Lots of action has come out of Occupy camps. A lot of amazing, beautiful things have happened because Occupy exists, but Occupy is not those things. Occupy is the planet which birthed them.
Occupy is the Free Love Movement of the mind.
So the next time someone asks me what Occupy is, I know the answer:
Occupy is us. All of us. Together.
Denton isn’t the biggest, most important city in the world. It hosts very little corporate power, so why Occupy Denton? Sorry yall, but I’m about to get really personal.
I am not here for myself.
I am here for my parents who lost everything over 10 years ago, who work hard every day of their lives just to get by. My parents got divorced when I was 11 years old. One is transgendered and works for the AIDS Resource Center Food Pantry in Dallas, helping people who have even more difficult lives and who suffer in ways that are hard to imagine. The other is a hairdresser, struggling with diabetes and depression, working endless hours a week to make ends meet.Though they are not able to help pay for my education or support me monetarily, they give me everything they can, and they support my decision to take part in this protest. They know why I am here.
I am here for my brothers. My little brother’s school, a performing arts magnet school in Dallas, is suffering tremendously from budget cuts. When things seemed their darkest, he was accepted into their music program, and because of this school I have seen him turn from a tortured, shy kid to a confident young man, full of ever-growing wonder and potential. I can’t explain to you how much it breaks my heart to know that this school, which has given opportunities to so many talented students, regardless of socioeconomic status, may not exist in the future for kids like my little brother. The arts not only enrich lives, but they hold the potential to save them.
My twin brother, also a talented musician and student at community college, depends on Social Security and state funded services to live. My family cannot afford to support him and cannot meet all the needs for his well being, and we would be utterly lost without government help. I want you to understand the importance of this help, because without it, there is a great potential that someone that I love with my entire being, someone whom I occupied a womb with, will have to suffer tremendously. My brothers, they know why I am here.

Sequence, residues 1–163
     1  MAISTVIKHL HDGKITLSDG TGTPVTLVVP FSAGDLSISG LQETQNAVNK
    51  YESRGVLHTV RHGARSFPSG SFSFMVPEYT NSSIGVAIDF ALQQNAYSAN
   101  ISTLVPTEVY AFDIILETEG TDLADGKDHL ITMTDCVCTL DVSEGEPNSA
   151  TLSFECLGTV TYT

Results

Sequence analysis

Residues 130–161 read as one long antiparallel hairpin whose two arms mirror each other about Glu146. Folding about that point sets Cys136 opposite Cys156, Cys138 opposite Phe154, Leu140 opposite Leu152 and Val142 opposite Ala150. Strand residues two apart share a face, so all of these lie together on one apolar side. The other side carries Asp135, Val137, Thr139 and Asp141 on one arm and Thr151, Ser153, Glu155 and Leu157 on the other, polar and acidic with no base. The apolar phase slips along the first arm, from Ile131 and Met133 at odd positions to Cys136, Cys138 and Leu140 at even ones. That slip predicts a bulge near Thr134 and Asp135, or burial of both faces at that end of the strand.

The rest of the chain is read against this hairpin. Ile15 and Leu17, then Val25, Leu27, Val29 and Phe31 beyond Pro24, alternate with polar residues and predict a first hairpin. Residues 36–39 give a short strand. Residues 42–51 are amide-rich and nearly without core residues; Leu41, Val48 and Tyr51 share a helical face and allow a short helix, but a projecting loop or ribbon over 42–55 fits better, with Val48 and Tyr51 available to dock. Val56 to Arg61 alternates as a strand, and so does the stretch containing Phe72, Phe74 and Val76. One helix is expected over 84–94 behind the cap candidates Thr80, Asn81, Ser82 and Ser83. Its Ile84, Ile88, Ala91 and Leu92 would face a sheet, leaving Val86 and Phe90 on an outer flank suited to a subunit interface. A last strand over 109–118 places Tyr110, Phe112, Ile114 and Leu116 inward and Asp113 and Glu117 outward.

I am here for all my friends in high school and in college that never made it to graduation, but I am here even more so for those who did graduate and realized all too harshly that the promises of higher education were myths, or worse yet, blatant lies. For all those imprisoned by debt, seemingly for nothing, you know why I am here.
I am here because I believe in freedom, real freedom, where every person is treated with respect, with the utmost empathy, and every voice has the opportunity not only to be heard but actually listened to. I believe in the grace of our common needs and desires. I will testify to human compassion as a greater force in the world than malice and greed, and I am fed up with cynics and misanthropes that see such a limited perspective of humanity. If you don’t understand, listen. Voices are crying out everywhere for change. They believe too that a different world is possible. They know why I am here.
I am here for every person that has had their ability to sustain their lifeforce reduced or outright destroyed, for every marginalized way of being, for every single one of us that has felt fear, guilt, and shame for most of our lives because the system we live in perpetuates the most thorough violence. I am here for every disempowered worker, for every parent who collapses in tears because they just cannot provide, and for every body that has been poisoned by industry’s pollutants, including that most deadly poison of indifference.